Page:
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Study: The MMR Vaccine Does Not Cause Autism. Period.

Sep 12, 2011 at 1:48 PM Chime in now

MMR vaccine and autism


No evidence has ever been found conclusively proving that the M.M.R. (Measles Mumps Rubella) vaccine causes autism. Despite this, many parents are deciding not to have their children immunized for fear that getting their child vaccinated will put them at risk for developing autism.
Because of the ongoing push back against the MMR vaccine, the US government asked the Institute of Medicine to review the known risks of vaccines. The panel of scientists found that there is no evidence that the MMR vaccine causes autism. Yet some parents still believe that vaccines cause many health issues, including autism. 
The source of these fears is the 1998 Lancet study, which was retracted when the lead researcher, Dr. Andrew Wakefield, was found to be accepting payoffs from a lawyer who was suing vaccine makers. It should also be noted that there were only 12 children in the study, and the results of the study couldn’t be replicated. 
The damage that has been done by this falsified study and the subsequent fear-mongering tactics of the media has been substantial. Parents worldwide are deciding not to vaccinate their children, and are thereby putting their children and others at risk. A study out of Germany seeking to find out whether unvaccinated children and adolescents differ from those vaccinated in terms of health found that “the proportion of children and adolescents who had had pertussis, measles, mumps, and/or rubella was much higher in unvaccinated children than in those who had been vaccinated against the respective disease to a sufficient extent”.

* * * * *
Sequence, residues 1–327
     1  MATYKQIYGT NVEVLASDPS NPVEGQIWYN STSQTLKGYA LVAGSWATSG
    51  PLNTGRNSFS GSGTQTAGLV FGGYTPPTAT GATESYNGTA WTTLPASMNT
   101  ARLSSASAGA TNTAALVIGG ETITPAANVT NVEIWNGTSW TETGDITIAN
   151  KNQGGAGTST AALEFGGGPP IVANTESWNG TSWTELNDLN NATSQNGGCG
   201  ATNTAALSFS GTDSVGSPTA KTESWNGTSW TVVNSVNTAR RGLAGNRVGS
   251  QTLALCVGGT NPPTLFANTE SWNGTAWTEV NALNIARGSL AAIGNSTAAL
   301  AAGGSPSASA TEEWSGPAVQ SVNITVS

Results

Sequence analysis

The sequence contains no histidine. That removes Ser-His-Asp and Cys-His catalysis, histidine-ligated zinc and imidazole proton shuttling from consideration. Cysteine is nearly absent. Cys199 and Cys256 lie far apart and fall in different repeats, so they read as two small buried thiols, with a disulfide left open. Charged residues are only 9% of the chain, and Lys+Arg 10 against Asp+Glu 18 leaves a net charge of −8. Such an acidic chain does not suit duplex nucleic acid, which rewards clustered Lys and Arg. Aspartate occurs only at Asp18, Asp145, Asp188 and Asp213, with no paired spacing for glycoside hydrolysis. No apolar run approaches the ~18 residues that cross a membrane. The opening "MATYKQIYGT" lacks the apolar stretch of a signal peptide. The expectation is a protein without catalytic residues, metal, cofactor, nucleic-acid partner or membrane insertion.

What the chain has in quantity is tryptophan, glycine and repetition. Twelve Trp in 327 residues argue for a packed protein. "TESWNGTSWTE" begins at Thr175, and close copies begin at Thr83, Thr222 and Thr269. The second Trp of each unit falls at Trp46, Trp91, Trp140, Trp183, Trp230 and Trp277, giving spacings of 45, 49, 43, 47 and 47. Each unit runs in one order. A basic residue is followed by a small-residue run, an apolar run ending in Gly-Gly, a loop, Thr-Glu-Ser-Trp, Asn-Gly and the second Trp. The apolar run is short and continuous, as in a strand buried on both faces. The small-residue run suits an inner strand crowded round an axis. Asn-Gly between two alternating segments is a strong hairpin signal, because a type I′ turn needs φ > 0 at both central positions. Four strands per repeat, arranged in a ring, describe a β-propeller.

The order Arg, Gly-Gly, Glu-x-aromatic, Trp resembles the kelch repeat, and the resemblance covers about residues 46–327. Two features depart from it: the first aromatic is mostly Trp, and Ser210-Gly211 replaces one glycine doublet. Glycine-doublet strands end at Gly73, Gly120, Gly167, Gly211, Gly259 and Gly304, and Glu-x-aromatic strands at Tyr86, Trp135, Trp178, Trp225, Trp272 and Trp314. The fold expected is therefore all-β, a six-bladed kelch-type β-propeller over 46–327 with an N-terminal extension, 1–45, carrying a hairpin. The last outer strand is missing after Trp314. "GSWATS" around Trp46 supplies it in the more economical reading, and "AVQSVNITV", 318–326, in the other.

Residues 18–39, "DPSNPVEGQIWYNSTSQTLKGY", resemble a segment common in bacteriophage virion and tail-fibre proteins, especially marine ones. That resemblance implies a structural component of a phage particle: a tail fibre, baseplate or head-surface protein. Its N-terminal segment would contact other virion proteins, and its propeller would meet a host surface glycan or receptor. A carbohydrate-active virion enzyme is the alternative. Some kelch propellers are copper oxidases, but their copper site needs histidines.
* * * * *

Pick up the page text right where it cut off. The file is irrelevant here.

When comparing the occurrence of auto-immune diseases and ADHD between vaccinated and unvaccinated children, the study found the following: “In addition to atopic disorders, we further compared diseases – such as obstructive bronchitis, pneumonia and otitis media, heart disease, anemia, epilepsy, and attention deficit hyperactivity disorder (ADHD) – in unvaccinated and vaccinated subjects. No relevant difference in the lifetime prevalence was found, for different age groups or between girls and boys”.
What will it take for parents to realize that not vaccinating their children because of fear of autism is not only incorrect, but it puts their child at unnecessary risk of so many preventable diseases? Here’s hoping that people do their research and make their decisions based on facts and not fiction.

Read More:
Early Autism Screening: One Mom's Opinion
Link Between Autism & ADHD Discovered
Autistic Kids Have 20% Chance of Younger Autistic Siblings


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